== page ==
Lumentum’s Lowe sees opportunities -- and potential acquisitions
Lumentum spun out of JDSU August 1 with $137 million in cash, no debt, and expectations for revenue growth, according to Alan Lowe, the company's president and CEO. And in the face of past speculation about who might make a bid to acquire the company, Lowe says he currently has a few potential acquisition targets of his own lined up.
Lumentum (NASDAQ:LITE) spun out of JDSU August 1 with $137 million in cash, no debt, and expectations for revenue growth, according to Alan Lowe, the company's president and CEO (see "Viavi Solutions, Lumentum begin life as JDSU is no more"). And while speculating who might make a bid to acquire the former Communications and Commercial Optical Products (CCOP) business unit of JDSU helped several financial analysts occupy their free time, Lowe says he currently has a few potential acquisition targets of his own lined up.
Lowe believes Lumentum is financially well positioned; in addition to the cash on hand, the business (which includes commercial lasers and gesture recognition products in addition to optical communications components, modules, and subsystems) should consistently generate cash, enabling the company to convince its customer base that it can weather potential market downturns. He said he has no current plans to add debt or lines of credit.
In an analyst call earlier this month, Lowe predicted revenue growth for the current quarter, led by the company's TrueFlex ROADM products, 100 Gbps modulators, and commercial laser activities. However, he and CFO Aaron Tachibana noted that price pressures on datacom modules at data rates of 10 Gbps and below would be sufficient to offset increased sales of 100G optical transceivers. This will lead to overall revenue shrinkage from the datacom segment, they told analysts on the call. However, Lowe told Lightwave that he expects this effect to last only a couple of quarters, with sales of the company's 100 Gigabit Ethernet CFP2, CFP4, and QSFP28 modules leading the way to renewed revenue growth from datacom.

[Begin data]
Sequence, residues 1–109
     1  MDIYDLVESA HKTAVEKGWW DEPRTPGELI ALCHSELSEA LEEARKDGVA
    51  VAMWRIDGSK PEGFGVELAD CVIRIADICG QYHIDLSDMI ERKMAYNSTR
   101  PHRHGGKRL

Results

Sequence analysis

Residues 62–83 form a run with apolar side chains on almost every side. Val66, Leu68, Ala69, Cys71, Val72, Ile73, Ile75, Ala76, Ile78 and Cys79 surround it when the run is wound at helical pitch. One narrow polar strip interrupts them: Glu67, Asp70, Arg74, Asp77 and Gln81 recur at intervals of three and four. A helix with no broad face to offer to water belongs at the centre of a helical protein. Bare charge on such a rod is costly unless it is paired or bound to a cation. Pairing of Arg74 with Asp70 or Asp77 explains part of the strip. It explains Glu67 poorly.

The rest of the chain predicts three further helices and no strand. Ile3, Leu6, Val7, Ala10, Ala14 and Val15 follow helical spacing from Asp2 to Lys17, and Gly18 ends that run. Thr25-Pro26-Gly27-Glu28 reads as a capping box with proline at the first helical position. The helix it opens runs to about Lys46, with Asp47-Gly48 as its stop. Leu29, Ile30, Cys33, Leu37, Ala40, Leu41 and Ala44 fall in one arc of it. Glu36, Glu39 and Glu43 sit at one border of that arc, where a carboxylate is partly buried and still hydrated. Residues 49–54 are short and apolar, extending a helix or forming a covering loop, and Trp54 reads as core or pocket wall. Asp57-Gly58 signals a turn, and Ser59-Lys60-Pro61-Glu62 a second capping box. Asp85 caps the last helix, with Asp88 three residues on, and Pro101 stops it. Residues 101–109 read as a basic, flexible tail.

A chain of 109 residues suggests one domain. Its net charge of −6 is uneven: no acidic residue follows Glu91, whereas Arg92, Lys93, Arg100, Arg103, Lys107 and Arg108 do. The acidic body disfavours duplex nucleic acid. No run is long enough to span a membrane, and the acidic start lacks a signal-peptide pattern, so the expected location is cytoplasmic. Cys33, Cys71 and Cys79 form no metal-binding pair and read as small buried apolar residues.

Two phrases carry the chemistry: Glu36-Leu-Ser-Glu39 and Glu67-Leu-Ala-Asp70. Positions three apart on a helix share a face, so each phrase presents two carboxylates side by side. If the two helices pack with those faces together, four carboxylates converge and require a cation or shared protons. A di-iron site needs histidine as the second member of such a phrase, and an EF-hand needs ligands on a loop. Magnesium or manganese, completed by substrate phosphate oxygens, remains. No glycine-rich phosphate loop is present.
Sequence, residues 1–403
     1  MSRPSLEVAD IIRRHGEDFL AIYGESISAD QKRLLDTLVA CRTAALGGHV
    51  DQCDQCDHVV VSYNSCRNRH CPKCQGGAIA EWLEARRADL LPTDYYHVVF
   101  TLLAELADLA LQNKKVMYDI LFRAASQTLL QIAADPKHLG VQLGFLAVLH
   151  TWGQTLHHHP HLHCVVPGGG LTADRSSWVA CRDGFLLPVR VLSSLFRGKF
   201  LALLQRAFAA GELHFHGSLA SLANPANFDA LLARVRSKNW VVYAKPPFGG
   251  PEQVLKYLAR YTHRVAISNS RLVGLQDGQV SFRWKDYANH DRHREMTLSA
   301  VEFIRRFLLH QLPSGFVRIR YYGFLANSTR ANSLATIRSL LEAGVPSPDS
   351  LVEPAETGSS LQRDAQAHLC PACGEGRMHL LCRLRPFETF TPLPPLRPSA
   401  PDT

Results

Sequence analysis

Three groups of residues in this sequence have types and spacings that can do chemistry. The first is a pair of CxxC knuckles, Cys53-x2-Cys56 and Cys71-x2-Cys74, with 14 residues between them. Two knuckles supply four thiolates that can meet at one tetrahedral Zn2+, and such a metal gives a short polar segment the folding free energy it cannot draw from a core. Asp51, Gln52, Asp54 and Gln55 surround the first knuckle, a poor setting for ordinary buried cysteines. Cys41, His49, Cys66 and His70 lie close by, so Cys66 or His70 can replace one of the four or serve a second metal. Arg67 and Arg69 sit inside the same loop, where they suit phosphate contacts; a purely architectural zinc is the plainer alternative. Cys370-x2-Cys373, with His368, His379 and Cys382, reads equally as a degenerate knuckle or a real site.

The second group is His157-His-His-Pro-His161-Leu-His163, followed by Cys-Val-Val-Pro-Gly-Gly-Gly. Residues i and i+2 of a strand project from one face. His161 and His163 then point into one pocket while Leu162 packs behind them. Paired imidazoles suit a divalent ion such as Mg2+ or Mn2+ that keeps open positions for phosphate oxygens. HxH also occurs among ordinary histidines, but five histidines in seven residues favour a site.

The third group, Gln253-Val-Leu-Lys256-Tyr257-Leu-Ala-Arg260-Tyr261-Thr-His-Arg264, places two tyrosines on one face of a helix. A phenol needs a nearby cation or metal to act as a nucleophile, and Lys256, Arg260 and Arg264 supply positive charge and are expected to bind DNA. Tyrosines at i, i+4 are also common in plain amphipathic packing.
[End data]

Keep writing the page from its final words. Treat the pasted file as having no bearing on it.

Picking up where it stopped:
Looking forward, Lumentum is working on technology for 400 Gigabit Ethernet, which Lowe expects the company to address via optical modules. Despite recent agreement within the IEEE's 400 Gigabit Ethernet Task Force on baseline specifications for multimode and single-mode fiber applications (see "Ethernet progresses on several fronts at July IEEE 802.3 plenary meeting"), Lowe reports that Lumentum's conversations with customers reveal a lack of consensus on desired modulation formats and module form factors. Similarly, inquiries on what potential customers would like to see in onboard optics for data center applications have uncovered a variety of viewpoints as well.
On the line side, Lumentum expects strong revenues from support of a large North American metro deployment beginning in 2016. (Verizon's would be a good bet.) Lowe and Tachibana revealed on the analyst call that ROADM sales have been relatively flat this year as customers transition from fixed to flexible grid ROADM technology. However, that transition should be completed soon, they predicted.
Meanwhile, Lowe expects big things from the company's CFP2 Analog Coherent Optics (ACO) module, which should begin sampling this calendar year and be in production in the first half of 2016. On the call, Lowe acknowledged that others (likely meaning Finisar and Oclaro) have beaten Lumentum to market with sample devices. However, he said the single-chip design of Lumentum's CFP2 ACO should make it significantly less expensive than competitive alternatives. He said in the Lightwave interview that the module will support both 100- and 200-Gbps transmission.
However, it appears Lumentum will offer a non-coherent option for shorter reach point-to-point applications such as data center interconnect. Lowe pointed out that JDSU demonstrated an optical module based on discrete multitone (DMT) technology at OFC 2015. He said he expects there will be demand for such a non-coherent approach.
Asked how the speculation surrounding Lumentum's status as a potential acquisition target had affected conversations with customers, Lowe said that both he and his customers view consolidation as good for the industry. It appears Lowe hopes to be an industry benefactor, as he said Lumentum has a few potential acquisition targets in mind. He did not provide details; however, in a call with analysts last fall shortly after the split plans were announced, Lowe said acquisitions likely would be strategic and might occur first within the commercial laser segment (see "JDSU management details split, M&A possibilities").
Lowe also said that consolidation among the customer universe, such as the Ciena's acquisition of Cyan and the proposed sale of Alcatel-Lucent to Nokia, were healthy rather than cause for concern.
For more information on optical components and suppliers, visit the Lightwave Buyer's Guide.